• Build the Foundation First. Athlete’s might find better development from efficiently training their aerobic capacity before training for fast climbs. However, if you have a history of injury from flat fast running, you might be better served to focus on uphill training to strengthen your biomechanics. Some VK specialists in Europe, are very top level 10km runners, while others don’t run much at all and focus solely on climbing training. Either way, high intensity work is most effective when layered on top of a strong aerobic and muscular strength base. Don’t jump right into high-intensity training early in your training program for VK’s. Spend a lot of time developing mechanical strength by climbing a lot of volume at easy intensity at a pace where you could easily hold a conversation and breathe only through your nose. Speed can improve rapidly off a solid aerobic base.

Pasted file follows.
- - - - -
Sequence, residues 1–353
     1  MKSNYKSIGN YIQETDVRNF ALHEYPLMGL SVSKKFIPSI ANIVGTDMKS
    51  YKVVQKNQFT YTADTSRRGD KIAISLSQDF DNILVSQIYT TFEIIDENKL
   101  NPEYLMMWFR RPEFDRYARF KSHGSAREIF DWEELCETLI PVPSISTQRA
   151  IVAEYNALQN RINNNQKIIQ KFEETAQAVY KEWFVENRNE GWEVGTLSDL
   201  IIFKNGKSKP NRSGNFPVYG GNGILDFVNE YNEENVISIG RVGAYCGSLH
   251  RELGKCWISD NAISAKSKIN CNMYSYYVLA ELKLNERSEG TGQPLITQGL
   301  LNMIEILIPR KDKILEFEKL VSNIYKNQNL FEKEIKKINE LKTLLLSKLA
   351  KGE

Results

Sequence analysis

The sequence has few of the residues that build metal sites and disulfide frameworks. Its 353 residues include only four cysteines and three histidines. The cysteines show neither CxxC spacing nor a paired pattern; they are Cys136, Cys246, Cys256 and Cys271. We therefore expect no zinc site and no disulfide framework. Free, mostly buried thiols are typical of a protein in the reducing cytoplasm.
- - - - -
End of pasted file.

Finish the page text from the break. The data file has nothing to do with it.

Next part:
• Once the Foundation is Built Add Two Sessions of Intensity a Week. Once a foundation of general fitness and strength is built over a month or two, it will be time to introduce high intensity work. Our recommendation for high-intensity training is only performing 2 high intensity sessions for every 10 training sessions you perform (also known as the 80/20 rule). That means the other 8 sessions should be performed at low-intensity. Another good rule is to split high intensity sessions apart by 72 hours (3 days of rest). Focus on quality over quantity. 1-2 quality sessions a week is all you need, so don’t fall into the trap of doing more, because your body needs rest to adapt to the training loads. Studies have shown more than 2 intensity sessions a week will either plateau your progression or send you spiralling backwards from fatigue. As you get fitter and closer to your race effort, you can gradually increase the reps and time in those two intensity workouts (i.e. more time at high intensity in those two sessions, rather than more sessions a week). The core emphasis should be on developing your body how to move efficiently at high pace, rather than overtaxing your system.